Faddeyevsky Island (о. Фадде́евский) 5,300 km² Bunge Land (земля́ Бу́нге) 6,200 km² (occasionally submerged by sea) links Kotelny Island and Faddeyevsky Island. Very close to Bunge Land's northwestern coast lie two smaller islands:
Zheleznyakov Island (Ostrov Zheleznyakova), right off the NW cape and east of it, Matar Island (Ostrov Matar). Both islands have a length of about 5 km.
Nanosnyy Island 76.283°N 140.416°E / 76.283; 140.416 is a small island located due north off the northern bay formed by Kotelny and Bunge. It is C-shaped and only 4 km in length, but its importance lies in the fact that it is the northernmost island of the New Siberian group.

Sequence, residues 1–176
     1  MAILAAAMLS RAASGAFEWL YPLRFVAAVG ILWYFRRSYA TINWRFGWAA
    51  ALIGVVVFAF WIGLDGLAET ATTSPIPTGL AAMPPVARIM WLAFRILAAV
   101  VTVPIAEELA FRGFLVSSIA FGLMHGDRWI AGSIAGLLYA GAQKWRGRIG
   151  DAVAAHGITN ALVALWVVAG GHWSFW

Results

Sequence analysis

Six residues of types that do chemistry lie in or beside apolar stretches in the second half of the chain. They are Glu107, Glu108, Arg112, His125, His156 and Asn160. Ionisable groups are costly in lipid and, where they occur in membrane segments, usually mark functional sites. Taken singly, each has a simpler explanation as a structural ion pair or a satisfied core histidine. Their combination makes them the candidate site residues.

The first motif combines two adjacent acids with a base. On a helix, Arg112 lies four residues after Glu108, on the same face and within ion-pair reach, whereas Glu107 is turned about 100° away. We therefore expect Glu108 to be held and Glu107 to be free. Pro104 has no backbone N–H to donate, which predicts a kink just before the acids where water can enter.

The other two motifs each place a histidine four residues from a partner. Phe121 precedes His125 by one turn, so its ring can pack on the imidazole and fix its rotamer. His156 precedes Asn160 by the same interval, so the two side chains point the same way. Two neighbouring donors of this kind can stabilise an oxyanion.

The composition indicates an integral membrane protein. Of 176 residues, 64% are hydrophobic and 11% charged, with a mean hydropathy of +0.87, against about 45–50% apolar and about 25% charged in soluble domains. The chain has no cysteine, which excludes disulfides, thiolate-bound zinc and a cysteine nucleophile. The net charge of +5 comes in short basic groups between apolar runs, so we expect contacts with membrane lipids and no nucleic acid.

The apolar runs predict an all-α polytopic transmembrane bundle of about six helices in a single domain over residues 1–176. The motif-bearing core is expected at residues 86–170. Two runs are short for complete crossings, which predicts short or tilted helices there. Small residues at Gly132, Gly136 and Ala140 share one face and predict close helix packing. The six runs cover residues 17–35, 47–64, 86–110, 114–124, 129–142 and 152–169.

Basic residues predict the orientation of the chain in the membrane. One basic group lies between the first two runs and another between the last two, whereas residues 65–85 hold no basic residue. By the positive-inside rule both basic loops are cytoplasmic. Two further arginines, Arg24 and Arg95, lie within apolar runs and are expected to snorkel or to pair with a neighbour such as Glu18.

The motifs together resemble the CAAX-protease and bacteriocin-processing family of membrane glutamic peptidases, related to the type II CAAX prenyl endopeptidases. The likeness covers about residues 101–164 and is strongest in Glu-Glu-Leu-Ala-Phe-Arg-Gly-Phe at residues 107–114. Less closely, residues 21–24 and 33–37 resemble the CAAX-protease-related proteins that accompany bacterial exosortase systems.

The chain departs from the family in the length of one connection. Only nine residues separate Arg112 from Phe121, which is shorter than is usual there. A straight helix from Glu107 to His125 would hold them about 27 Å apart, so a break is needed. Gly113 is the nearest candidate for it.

Novaya Sibir (о. Но́вая Сиби́рь) 6,200 km²
Belkovsky Island (о. Бельковский) 500 km²
To the south and nearer to the Siberian mainland lie the Lyakhovskiye Islands (6,095 km²):Great Lyakhovsky Island (о. Большо́й Ля́ховский) 4,600 km²
Little Lyakhovsky Island (о. Ма́лый Ля́ховский) 1,325 km²
Stolbovoy Island (о. Столбово́й) 170 km²
Semyonovsky Island (о. Семёновский) 0 km² (now submerged)
The small De Long Islands (228 km²) lie to the north-east of Novaya Sibir.Jeannette Island (о. Жанне́тты)
Henrietta Island (о. Генрие́тты)
Bennett Island (о. Бе́ннетта)
Vilkitsky Island (о. Вильки́цкого)
Zhokhov Island (о. Жо́хова)
The New Siberian Islands are low-lying. Their highest point is Mt. Malakatyn-Tas on Kotelny island, with an elevation of 374 m.